If you were watching Fox News on the day of the Capitol siege on Jan. 6, you probably didn’t think it was all that horrible. Sean Hannity erroneously claimed that Black Lives Matter demonstrators and other progressive activists had infiltrated the pro-Trump throng that night on his show. Since then, they’ve either minimized it or pushed nonsense conspiracy ideas. However, the House committee examining the tragic day released panicked texts written by several of the network’s stars on that day on Monday. You can see how they clearly contradict what they were telling Fox News viewers thanks to CNN.
Three network hosts’ texts are juxtaposed with what they informed viewers in the video. Laura Ingraham, for example, was noticeably nervous when she wrote a message to former chief of staff Mark Meadows. She wrote, “The president ought to urge everybody at the Capitol to go home.” “This is causing us all pain. He’s sabotaging his own legacy.”
Ingraham seemed unconcerned about it in July. “It was not a terrorist attack,” she assured her adoring supporters. “It wasn’t 9/11, it wasn’t the worst thing that could have happened to America, it wasn’t an uprising.”
There was Fox & Friends’ Brian Kilmeade. On Jan. 6, he wrote, “Please get him on TV,” saying that he was “destroying everything you have accomplished.”
Kilmeade, on the other hand, had altered his mind just four days later. “He wasn’t saying go take the Capitol,” he remarked of Trump’s inciting speech before his followers stormed the Capitol building. “He planned on protesting at the Capitol.” “Take the bike racks and throw them away,” he wasn’t saying.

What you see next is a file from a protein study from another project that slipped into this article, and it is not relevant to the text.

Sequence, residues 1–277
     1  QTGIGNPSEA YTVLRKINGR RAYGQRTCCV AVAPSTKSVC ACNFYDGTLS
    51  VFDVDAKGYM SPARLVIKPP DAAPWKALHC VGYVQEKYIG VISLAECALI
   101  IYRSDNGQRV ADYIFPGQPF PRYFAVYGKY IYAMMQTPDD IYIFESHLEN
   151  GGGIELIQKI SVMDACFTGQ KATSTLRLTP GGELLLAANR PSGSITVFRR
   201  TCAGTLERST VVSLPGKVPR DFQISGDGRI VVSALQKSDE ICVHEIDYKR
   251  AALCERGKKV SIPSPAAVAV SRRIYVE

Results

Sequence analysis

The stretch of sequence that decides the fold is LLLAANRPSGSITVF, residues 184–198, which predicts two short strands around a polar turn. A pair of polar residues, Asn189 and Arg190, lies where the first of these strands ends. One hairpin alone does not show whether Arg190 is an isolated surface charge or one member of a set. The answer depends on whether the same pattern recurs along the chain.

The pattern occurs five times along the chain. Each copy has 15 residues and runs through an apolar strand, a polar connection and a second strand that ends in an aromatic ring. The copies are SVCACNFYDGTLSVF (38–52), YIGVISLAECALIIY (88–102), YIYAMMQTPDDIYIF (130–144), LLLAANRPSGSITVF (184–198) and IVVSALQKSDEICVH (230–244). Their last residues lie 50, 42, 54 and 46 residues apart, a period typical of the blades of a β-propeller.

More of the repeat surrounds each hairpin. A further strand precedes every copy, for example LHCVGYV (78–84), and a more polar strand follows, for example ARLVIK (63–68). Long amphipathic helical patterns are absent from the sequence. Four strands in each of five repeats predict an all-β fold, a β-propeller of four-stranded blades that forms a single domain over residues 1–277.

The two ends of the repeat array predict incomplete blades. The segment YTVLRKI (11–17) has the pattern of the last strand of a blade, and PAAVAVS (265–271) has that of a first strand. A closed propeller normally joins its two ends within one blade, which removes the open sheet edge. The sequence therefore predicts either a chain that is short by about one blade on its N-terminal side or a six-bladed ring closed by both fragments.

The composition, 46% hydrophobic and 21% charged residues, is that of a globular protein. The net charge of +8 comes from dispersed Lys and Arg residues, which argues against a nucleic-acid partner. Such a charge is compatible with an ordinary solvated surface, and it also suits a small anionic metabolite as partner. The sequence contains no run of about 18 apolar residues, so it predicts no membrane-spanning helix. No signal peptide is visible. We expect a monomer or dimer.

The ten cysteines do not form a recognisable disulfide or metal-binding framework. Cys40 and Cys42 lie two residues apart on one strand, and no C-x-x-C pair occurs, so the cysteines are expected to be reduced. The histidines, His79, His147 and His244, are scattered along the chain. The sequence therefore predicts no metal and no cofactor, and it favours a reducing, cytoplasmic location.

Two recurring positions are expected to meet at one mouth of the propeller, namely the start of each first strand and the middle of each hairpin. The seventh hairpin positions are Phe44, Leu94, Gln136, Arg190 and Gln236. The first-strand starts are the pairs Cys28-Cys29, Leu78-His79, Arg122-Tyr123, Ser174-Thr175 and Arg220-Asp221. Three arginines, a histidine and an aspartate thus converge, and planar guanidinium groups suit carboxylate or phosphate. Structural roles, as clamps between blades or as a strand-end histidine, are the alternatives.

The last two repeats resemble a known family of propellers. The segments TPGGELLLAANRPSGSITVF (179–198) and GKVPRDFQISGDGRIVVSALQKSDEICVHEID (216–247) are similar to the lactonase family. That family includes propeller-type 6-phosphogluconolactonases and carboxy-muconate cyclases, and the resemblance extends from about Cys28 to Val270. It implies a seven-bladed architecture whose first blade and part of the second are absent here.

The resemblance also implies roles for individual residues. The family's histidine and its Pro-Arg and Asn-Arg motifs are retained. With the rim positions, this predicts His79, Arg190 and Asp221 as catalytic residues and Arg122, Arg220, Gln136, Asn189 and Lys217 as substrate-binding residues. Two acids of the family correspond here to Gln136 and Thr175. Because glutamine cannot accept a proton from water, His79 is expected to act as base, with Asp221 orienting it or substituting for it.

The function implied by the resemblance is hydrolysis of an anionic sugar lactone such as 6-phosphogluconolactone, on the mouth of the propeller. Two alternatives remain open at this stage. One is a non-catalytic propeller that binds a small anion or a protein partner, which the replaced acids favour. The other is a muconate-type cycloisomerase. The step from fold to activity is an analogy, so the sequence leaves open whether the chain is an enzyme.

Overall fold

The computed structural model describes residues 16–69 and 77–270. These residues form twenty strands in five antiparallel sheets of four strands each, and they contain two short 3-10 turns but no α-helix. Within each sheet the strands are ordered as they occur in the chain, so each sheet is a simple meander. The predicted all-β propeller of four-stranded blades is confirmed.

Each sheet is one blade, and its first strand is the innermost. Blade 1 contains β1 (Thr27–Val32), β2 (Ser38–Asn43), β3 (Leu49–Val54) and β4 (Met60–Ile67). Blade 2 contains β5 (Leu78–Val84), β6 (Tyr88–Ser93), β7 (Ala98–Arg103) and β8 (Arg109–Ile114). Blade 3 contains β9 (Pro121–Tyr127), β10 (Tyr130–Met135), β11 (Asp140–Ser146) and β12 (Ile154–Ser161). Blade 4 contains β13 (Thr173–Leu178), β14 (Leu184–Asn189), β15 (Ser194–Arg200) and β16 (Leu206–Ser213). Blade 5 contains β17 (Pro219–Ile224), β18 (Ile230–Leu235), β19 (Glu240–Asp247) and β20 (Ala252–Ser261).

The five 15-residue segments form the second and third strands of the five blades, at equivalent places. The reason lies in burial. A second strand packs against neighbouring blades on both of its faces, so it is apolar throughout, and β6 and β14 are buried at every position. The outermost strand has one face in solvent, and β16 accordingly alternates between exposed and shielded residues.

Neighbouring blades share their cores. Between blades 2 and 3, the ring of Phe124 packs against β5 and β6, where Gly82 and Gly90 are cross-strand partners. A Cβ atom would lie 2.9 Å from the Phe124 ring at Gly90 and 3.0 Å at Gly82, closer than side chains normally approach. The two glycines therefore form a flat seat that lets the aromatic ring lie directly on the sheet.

And who was it who texted Meadows, “Can he make a statement?” Sean Hannity, who was whining on Jan. 11 about how “Trump supporters are getting blamed for what transpired at the Capitol,” and claimed the “great majority” of demonstrators “doing it quietly,” said that.
Did their private messages match their public pronouncements? Not at all. However, CNN’s John King went even further, branding it “hypocrisy” and accusing them of not being journalists:
“For starters, everything they did, including reaching out to Mark Meadows, was unethical journalism.” But the irony is number two — they’re not journalists — number two. To act as though it never happened. It was critical on that day; the president needed to do something; the president needed to rescue his legacy on that day; and by that night on TV, [the riot] was no big deal. And [the riot] isn’t even remembered now.”
The Fox News hosts’ contradicting claims, according to King, only emphasizes “why it is so vital to get to the complete facts of that day.”